Two of the most common types of fund are unit trusts and open-ended investment companies (OEICs); both are ‘open ended’ on the basis that the fund manager can create more units (like shares) at any time to meet investor need, and they share many traits, but also have important differences.
In this way, they differ from investment trusts – which are closed-ended funds that issue a fixed number of non-redeemable shares.
Since 1997 when laws were introduced allowing the creation of OEICs, they have become much more common and most new fund launches adopt this structure; many unit trusts have converted to OEICs due to their relative simplicity and the fact they can be sold into different countries across Europe.
In many ways unit trusts and OEICs are the same; they are open-ended and the price of each unit (unit trust) or share (OEIC) depends on the net asset value (NAV) of the fund’s investment portfolio.
You can generally choose to have dividends paid to you as income or reinvested in the fund; both fund vehicles can invest in a wide range of asset classes, geographies and sectors.
Although of little concern to investors, a unit trust is governed by trust law, whereas an OEIC is governed by company law; technically, this means investors in a unit trust are not owners of the underlying assets, unlike investors in an OEIC.
The major difference is that unit trusts quote a bid price (to redeem) and an offer price (when you buy) with a spread that aims to ensure new or redeeming investors don’t dilute the value of existing investors’ units; OEICs only quote one price.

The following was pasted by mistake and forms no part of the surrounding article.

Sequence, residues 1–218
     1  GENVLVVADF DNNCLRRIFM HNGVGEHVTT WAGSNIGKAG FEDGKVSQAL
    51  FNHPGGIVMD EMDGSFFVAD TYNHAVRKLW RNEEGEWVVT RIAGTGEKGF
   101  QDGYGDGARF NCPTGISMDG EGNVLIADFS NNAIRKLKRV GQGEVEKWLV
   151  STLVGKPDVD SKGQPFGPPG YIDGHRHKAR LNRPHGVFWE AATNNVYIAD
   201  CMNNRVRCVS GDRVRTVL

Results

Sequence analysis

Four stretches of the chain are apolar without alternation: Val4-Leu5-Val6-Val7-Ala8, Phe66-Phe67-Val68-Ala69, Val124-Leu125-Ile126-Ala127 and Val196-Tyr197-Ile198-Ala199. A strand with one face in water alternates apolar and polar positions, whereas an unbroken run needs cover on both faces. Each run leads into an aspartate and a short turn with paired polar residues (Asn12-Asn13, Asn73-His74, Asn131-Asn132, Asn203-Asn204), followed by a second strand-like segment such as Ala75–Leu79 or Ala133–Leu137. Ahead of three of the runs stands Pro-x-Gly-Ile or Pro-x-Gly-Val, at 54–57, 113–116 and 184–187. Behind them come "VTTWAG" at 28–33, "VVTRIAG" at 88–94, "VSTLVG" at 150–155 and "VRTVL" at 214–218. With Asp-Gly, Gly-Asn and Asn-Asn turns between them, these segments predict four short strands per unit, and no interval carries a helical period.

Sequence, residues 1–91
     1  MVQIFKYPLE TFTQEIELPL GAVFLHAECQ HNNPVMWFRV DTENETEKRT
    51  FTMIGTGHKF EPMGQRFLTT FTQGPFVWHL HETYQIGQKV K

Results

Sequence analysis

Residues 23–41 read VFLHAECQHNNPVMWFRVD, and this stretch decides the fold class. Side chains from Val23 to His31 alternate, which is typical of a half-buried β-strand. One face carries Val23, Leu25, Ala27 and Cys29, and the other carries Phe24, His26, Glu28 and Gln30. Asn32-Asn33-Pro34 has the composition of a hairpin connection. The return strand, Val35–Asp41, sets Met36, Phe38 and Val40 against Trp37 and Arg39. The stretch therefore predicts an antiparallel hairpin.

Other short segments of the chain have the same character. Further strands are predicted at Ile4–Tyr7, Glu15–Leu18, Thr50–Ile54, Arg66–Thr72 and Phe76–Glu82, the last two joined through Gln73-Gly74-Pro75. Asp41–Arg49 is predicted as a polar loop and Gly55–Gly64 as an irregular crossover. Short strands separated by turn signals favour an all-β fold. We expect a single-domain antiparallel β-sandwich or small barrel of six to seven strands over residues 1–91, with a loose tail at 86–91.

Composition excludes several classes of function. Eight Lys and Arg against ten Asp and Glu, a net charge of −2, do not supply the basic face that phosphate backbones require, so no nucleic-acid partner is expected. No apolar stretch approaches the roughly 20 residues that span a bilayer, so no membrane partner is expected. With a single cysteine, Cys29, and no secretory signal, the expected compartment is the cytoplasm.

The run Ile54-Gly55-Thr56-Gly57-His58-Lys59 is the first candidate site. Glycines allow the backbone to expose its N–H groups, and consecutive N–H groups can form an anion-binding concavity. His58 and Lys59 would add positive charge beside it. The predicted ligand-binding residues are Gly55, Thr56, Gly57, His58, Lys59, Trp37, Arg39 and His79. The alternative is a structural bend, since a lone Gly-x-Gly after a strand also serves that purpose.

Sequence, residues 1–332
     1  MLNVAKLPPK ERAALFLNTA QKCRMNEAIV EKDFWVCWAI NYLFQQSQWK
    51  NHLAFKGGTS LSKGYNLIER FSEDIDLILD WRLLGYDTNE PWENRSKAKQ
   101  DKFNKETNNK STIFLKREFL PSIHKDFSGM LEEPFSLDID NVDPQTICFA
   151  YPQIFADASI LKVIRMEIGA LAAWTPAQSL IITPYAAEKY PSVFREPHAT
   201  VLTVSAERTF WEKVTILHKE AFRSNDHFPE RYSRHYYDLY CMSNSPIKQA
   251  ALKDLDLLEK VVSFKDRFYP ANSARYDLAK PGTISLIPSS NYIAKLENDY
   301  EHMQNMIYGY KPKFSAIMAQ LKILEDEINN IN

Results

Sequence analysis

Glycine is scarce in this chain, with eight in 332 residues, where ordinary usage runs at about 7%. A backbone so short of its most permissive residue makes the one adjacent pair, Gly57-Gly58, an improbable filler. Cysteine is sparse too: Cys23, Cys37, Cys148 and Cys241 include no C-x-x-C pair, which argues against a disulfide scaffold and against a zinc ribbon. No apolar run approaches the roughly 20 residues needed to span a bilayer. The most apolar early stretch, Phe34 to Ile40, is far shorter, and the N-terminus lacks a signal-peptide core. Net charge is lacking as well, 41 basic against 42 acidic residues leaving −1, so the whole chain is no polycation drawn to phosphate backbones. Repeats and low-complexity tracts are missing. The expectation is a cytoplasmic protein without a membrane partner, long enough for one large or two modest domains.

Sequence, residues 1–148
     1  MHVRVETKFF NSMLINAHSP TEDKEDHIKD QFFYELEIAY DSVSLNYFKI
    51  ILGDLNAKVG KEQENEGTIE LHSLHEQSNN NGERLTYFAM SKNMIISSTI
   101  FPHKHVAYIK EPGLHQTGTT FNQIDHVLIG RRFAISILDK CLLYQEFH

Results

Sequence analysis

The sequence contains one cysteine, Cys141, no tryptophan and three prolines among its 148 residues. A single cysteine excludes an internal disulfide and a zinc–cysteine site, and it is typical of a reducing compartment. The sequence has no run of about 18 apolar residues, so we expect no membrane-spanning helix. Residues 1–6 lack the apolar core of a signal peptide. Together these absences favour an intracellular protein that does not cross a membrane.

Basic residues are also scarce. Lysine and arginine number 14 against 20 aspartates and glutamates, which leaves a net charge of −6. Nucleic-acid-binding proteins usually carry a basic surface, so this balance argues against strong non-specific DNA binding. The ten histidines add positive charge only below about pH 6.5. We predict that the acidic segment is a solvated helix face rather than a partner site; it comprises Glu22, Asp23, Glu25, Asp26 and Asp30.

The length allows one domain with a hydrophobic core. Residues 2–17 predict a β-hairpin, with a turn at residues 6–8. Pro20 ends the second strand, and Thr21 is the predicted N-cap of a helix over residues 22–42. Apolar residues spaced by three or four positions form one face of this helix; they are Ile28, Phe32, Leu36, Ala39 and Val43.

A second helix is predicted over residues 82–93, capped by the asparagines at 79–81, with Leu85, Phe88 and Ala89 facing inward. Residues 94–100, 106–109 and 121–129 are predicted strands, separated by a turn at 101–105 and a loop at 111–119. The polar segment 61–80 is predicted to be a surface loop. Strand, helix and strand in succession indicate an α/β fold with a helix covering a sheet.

In the past fund managers have created what are known as ‘box profits’ by matching off buys and sells thereby avoiding transaction costs, but the FCA is seeking to ban this practice to ensure that any benefits accrue to the fund, not the firm.
OEICs publish a single price each day, making it easier for investors to understand the cost of investing; they have a mechanism called ‘swing pricing’ to protect existing investors when there’s an imbalance between buyers and sellers.
The fund can artificially reduce its NAV to account for the extra portfolio trading costs created by significant buying or selling activity.
Several unit trusts have converted to the more modern OEIC structure over the past decade and this trend is expected to continue; it is possible for an OEIC to convert to a unit trust but this is very rare.
Instead of carrying out a fund conversion, in 2018 Jupiter announced that its unit trusts would move to single pricing for buying and selling fund units; the company said the aim was to ensure transparency and value for clients and align its products with the common pricing approach in the industry.
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